Rupert Neudeck

"I never want to be a coward again. Cap Anamur is the most beautiful achievement of the German desire never to be cowardly again, but always to be brave."

Rupert Neudeck at the 30th anniversary of Cap Anamur

Childhood and flight

Rupert Neudeck was born in Gdansk in 1939. In the freezing cold, his mother flees the country with him and his siblings on January 30, 1945. “Why didn’t you come two hours earlier, I still had tickets for the ship!” an acquaintance had called out to his mother. ‘The ship’ was the Wilhelm Gustloff, which was torpedoed a short time later and tragically sank with more than 9,000 people on board. Years later, Rupert Neudeck sees this event as another motivation to save the Vietnamese refugees in the South China Sea.

Said escape, in any case, his family was unable to succeed that day. His mother returns with him to Gdansk, where the family spends the last weeks of the war. The next escape attempt followed in July 1945. Mainly on foot, and on rare occasions by bus and train, the mother and her four children make their way west. “Death, hunger, destruction and fear were the images that characterized our early childhood,” Rupert Neudeck later recalled. The family eventually makes it to Hagen, where they even meet their father again. After weeks in collective housing, they are assigned a post-war vacant apartment.

College education and journalistic career

After graduating from high school, Rupert Neudeck studied philosophy, German language and literature, sociology and Catholic theology, first in Bonn and later in Paderborn. In 1961 he abandons his studies and joins the Jesuit Order. After leaving the Order, he resumes his studies and graduates in 1970. In 1972, he received his doctorate in philosophy from the Westphalian Wilhelms University of Münster with the thesis “Political Ethics in Jean-Paul Sartre and Albert Camus”. From 1969 to 1971, he served as a student editor for the Semesterspiegel, a college newspaper. In 1971, Neudeck began working as a full-time journalist at the Catholic Radio Correspondence in Cologne, then switched to freelance journalism in 1976. In 1977 he became an editor at Deutschlandfunk.

Rupert Neudeck

Rescue of the "Boat People"

The Vietnam War ended on April 30th, 1975 with the victory of communist North Vietnam. The communist regime’s crackdown on its population soon triggers a wave of refugees. Many see their only chance for a better and safer life in fleeing across the South China Sea, but the sea route holds many dangers: Storms, too small and decrepit boats and pirate attacks cost thousands of Vietnamese refugees their lives. When Rupert Neudeck hears about the plight of the people, he does not want to stand idly by. Together with his wife Christel Neudeck and the writer and later Nobel Prize winner Heinrich Böll, Rupert Neudeck charters a ship and founds the committee “A Ship for Vietnam”. In 1982, the organization is renamed Cap Anamur / Deutsche Not-Ärzte e. V.. It is named after the freighter Cap Anamur, on which the crew around Rupert Neudeck took on a total of 10,375 Vietnamese refugees, the so-called “boat people”, and brought them to Germany. Another 35,000 or so people received medical care on board. The rescue at sea of people fleeing is as much a topical issue as it is today. Neudeck also campaigned tirelessly on a political level to bring the survivors to Germany, which earned him much encouragement and recognition, but also much criticism.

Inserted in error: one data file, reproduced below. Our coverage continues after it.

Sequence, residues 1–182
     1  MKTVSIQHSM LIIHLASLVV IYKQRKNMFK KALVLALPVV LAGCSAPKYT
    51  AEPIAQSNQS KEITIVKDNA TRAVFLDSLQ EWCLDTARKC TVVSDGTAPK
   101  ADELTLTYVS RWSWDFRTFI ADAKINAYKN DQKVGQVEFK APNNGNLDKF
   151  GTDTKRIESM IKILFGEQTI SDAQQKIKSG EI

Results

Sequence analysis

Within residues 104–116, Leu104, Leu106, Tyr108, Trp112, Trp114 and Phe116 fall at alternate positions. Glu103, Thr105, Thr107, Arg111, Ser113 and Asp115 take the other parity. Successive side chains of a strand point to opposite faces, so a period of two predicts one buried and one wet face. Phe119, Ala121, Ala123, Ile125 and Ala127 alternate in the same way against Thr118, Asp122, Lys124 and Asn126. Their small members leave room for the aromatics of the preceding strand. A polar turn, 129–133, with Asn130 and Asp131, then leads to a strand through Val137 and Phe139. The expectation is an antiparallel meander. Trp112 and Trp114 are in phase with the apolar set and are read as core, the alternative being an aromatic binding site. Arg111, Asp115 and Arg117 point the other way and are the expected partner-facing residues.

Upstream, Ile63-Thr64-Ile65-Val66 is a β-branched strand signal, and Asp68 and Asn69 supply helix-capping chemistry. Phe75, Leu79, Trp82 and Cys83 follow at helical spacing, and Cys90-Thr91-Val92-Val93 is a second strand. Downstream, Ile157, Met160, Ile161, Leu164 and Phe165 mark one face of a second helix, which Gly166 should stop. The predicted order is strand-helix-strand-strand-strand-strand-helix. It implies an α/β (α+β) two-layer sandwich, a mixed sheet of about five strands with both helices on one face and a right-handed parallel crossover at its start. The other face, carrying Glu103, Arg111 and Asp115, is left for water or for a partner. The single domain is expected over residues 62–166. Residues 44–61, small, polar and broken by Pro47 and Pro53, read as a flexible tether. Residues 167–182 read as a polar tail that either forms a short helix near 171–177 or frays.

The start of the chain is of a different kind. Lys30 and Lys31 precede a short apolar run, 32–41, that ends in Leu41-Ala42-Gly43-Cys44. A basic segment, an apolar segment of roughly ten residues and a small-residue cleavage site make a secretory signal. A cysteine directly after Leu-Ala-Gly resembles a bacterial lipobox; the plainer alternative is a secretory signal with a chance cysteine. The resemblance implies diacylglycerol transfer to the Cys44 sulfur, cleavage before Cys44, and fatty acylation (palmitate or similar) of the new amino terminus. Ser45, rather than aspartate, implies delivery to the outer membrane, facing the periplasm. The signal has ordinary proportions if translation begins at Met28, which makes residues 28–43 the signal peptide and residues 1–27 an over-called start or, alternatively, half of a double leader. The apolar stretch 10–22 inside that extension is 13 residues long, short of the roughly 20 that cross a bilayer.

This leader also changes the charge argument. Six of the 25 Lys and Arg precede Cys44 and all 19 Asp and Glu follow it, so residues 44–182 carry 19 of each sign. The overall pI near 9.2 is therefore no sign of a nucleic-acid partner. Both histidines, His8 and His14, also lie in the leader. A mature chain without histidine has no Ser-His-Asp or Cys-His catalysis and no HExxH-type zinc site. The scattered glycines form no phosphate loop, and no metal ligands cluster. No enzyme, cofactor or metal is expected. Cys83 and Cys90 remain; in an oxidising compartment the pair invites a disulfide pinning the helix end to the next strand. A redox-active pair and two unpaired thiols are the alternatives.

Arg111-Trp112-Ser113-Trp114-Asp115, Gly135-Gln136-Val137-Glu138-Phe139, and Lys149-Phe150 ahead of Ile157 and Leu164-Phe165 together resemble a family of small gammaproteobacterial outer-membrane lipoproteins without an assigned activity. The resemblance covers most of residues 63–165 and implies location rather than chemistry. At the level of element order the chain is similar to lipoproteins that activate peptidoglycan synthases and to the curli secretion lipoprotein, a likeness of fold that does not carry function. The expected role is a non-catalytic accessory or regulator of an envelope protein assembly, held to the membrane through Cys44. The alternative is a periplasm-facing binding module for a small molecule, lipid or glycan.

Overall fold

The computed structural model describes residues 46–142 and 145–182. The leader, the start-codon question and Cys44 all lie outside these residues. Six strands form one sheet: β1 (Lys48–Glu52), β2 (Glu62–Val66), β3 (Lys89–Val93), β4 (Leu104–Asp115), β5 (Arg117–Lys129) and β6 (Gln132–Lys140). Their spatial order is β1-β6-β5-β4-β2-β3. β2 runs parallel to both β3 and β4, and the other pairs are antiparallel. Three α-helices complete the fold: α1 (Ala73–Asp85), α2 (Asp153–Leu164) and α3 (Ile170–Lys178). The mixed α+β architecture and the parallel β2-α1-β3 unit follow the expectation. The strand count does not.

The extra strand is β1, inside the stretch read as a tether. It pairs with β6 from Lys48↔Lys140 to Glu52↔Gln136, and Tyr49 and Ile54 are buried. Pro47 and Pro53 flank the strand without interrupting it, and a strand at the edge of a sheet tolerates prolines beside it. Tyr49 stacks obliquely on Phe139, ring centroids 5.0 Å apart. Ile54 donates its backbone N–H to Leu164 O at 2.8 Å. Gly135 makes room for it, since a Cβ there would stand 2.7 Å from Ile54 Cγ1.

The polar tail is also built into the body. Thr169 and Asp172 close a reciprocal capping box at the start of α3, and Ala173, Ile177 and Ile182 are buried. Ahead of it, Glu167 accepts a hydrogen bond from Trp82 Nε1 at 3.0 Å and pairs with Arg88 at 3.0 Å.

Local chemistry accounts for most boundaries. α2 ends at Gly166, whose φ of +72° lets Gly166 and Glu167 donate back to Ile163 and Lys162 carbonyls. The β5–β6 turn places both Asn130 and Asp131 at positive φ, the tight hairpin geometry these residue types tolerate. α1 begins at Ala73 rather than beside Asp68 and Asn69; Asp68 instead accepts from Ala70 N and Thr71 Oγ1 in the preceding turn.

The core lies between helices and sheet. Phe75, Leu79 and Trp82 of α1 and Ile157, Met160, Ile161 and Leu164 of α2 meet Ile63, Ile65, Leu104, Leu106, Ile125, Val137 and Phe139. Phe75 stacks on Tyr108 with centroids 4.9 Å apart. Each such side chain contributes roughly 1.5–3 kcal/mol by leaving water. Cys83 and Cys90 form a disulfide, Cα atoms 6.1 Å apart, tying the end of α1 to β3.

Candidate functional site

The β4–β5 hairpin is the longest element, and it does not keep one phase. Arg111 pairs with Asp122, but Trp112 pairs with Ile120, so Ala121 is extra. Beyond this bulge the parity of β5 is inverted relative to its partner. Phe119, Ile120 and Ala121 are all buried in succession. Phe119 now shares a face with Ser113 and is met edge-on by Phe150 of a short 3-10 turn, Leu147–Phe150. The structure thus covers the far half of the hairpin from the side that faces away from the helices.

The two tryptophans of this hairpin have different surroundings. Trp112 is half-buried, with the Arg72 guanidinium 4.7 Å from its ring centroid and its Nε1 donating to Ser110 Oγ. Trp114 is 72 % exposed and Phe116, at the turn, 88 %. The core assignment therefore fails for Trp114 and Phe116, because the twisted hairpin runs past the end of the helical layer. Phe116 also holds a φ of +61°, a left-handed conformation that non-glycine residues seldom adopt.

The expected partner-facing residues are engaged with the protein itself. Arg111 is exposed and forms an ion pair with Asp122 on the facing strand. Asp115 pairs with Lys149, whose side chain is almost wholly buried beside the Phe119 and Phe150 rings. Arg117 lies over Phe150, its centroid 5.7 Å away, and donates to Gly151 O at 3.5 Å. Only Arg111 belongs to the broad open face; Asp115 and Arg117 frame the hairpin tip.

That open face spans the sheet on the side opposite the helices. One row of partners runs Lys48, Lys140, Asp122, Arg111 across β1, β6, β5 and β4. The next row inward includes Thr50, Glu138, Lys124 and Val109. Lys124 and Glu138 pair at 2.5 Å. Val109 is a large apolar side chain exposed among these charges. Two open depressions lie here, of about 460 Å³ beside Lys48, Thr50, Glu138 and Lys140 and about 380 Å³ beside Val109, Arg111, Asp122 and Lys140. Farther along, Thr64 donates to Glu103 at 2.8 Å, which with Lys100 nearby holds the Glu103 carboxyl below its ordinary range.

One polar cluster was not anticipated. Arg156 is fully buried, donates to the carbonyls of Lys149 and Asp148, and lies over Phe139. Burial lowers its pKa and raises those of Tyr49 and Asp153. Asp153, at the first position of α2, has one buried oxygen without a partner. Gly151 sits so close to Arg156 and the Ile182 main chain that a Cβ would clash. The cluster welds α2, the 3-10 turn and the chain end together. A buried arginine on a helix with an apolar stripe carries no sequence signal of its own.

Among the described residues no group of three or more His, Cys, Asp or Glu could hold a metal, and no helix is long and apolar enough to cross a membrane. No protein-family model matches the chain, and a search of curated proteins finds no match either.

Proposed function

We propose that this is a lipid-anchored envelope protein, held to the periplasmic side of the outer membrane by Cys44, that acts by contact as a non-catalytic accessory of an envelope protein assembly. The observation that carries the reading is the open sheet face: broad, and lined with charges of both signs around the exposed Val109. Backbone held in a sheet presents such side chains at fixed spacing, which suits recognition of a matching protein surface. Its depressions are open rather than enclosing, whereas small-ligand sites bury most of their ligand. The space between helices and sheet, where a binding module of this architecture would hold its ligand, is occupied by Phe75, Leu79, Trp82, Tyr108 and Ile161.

Cap Anamur's land-based operations

However, the rescue of refugees from the South China Sea is just the beginning. Cap Anamur begins to engage in aid projects around the world, and especially to help where the media’s attention has long since waned. Medical care, the training of local professionals and the construction and rehabilitation of medical facilities and schools are the main focus from the very beginning.
Rupert Neudeck is a member of the board until 1998, after which he remains spokesman for the aid organization. It was not until 2003 that he completely relinquished the management of the organization, but remained closely associated with it until his death.

The journalist Franz Alt writes about Rupert in Der Spiegel: The Neudecks were a happy family. Only the atmosphere and the embedding in this family allowed Rupert Neudeck to live his radically humanistic life with all of his heart and mind.

Rupert Neudeck dies on May 31, 2016 at the age of 77 from the consequences of heart surgery.